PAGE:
Guest Post Written by "JM"
My political opinions were largely formed in the 1990’s. This was turbulent economic times for both Newfoundland, and the country as a whole. In Newfoundland the closure of the fishery represented economic death by a thousand cuts. Our population declined by 10%, and an entire generation of Newfoundlanders and Labradorians were forced to migrate.
In Canada, debt and growing deficits had us on the verge of default. We were the economic basket case of the G7. It was bleak times for both Canada and Newfoundland, yet we persevered. With the Federal Liberals coming to power in 1993 they implemented a major program of cuts, intended to reduce government spending and balance the budget. In this province, Clyde Wells had to manage a pseudo economy, yet was still able to control spending and balance the budget in 1996. This was before Vale, Hibernia, White Rose, or Hebron.
As noted in the linked article above, in Canada the ratio of spending cuts to tax hikes was seven-to-one in combating the deficit. Asked why, the prime minister replied: "There was more need on one side than the other".
These cuts were across the board, and deep. They affected every aspect of society. During my 5 years in university my tuition increased from $1420 a year to about $3350. To put that into perspective, it would be about $5000 in today’s dollars, compared to the $2550 that Memorial students presently enjoy .
The cuts in the 1990’s were difficult for everyone. Yet there was an underlying agreement in the country, even amongst the critics, that these cuts were a necessary evil.
There were a few ideologues who were immune to reality. I remember Dale Kirby as president of the Canadian Federation of Students organizing student rally’s at confederation building to protest the cuts to education. I did not join those rallies because I believed in the cause of balanced budgets. I knew my future depended on those tough decisions made by Chretien, Martin and Wells in the 1990’s. Everyone had a stake in the required correction to government spending levels.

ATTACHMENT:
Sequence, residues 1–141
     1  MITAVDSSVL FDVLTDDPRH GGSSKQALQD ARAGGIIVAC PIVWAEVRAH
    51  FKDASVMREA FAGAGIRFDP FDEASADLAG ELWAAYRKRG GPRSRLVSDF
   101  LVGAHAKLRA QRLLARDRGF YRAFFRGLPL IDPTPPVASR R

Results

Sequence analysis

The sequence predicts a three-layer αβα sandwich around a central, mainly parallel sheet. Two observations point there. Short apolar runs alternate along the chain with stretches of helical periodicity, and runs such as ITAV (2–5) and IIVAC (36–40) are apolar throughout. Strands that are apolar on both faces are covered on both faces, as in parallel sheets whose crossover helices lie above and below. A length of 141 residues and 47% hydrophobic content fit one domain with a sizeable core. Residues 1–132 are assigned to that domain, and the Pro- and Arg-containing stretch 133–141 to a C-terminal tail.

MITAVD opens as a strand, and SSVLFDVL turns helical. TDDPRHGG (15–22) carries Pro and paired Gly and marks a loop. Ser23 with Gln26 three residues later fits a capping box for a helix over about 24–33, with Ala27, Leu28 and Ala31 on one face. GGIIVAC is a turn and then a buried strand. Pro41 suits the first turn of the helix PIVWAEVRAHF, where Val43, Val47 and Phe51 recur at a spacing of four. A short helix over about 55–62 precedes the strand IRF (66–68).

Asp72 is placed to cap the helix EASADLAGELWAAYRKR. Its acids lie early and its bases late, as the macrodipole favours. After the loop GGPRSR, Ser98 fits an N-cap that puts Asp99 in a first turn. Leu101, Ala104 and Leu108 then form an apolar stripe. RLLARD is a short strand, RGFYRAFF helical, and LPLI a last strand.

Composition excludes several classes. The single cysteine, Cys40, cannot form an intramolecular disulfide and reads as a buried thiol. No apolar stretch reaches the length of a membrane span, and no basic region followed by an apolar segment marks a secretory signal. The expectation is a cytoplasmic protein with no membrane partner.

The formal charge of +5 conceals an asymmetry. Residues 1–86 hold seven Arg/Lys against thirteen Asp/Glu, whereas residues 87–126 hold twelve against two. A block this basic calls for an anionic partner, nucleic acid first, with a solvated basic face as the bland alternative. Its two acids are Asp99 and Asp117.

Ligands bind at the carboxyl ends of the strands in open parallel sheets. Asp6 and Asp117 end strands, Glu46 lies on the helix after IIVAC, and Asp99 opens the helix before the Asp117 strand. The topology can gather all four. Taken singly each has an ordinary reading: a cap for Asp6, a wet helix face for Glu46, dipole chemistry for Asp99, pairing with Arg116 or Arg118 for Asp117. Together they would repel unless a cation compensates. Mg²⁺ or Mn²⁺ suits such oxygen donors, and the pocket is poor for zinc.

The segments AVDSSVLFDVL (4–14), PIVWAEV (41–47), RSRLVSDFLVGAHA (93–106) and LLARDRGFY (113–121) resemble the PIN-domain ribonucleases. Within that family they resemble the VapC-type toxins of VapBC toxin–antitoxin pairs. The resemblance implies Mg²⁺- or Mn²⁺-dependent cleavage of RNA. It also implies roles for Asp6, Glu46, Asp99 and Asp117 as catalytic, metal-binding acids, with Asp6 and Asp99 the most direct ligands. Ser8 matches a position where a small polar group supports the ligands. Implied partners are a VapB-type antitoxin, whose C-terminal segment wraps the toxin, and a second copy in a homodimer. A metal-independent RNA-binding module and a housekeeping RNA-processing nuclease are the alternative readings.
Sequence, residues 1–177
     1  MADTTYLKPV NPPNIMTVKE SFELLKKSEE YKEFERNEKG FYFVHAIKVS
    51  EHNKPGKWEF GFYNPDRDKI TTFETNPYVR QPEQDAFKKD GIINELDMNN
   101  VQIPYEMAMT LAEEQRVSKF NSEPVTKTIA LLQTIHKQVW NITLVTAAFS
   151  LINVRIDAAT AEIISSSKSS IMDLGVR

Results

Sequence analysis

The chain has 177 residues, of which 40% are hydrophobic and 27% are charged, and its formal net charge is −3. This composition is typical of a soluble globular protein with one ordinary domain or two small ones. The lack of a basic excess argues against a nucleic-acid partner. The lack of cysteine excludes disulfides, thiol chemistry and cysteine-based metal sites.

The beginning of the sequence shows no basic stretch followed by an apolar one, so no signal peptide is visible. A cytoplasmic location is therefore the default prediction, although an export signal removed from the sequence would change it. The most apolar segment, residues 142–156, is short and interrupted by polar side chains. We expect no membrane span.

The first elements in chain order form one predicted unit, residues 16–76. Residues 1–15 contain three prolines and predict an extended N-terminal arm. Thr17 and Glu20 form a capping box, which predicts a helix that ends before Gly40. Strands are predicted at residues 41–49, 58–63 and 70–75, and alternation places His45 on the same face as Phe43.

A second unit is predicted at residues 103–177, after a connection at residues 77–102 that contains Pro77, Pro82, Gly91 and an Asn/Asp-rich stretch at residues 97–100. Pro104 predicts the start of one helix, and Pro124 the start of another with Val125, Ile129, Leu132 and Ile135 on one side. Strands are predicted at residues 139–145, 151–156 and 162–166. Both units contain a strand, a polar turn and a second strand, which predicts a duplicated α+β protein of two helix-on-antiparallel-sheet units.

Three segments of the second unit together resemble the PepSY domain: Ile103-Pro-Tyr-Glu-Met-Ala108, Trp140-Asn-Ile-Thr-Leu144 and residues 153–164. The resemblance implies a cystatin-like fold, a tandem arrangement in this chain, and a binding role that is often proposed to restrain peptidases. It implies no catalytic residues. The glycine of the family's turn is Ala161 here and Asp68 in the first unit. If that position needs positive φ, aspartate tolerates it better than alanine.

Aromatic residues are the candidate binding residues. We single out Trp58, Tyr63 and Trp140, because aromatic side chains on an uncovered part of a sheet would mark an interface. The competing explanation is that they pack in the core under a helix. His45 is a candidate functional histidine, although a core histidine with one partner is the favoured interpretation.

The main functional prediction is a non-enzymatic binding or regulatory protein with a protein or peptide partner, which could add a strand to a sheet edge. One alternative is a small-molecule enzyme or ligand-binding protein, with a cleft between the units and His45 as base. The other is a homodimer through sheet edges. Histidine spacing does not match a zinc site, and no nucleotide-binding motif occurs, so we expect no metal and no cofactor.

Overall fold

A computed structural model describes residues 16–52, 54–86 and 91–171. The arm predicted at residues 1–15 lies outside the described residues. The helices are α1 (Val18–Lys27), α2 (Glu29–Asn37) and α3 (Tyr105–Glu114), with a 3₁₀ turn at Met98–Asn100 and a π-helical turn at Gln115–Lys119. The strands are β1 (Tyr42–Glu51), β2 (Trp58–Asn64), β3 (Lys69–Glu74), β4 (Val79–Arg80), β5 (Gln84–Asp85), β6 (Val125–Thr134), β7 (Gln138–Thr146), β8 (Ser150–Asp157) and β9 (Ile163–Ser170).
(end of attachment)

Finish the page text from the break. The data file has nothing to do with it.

Fortunately, my own view was shared by enough Canadians that these tough actions were implemented. Our collective sacrifices were rewarded with 15 years of economic growth and relative stability; to where we are now envied by our G7 peers.
Society of all classes, races, and creeds are better off today because of the drastic actions taken in the 90’s.
Looking to the present it is must be obvious to any objective pundit that Newfoundland is again at a crossroads, where tough political decisions need to be made and implemented. The collapse in the oil price is the catalyst for such a review, but not the sole reason for it.
One just needs to review the raw budget numbers to clearly understand the predicament we are in.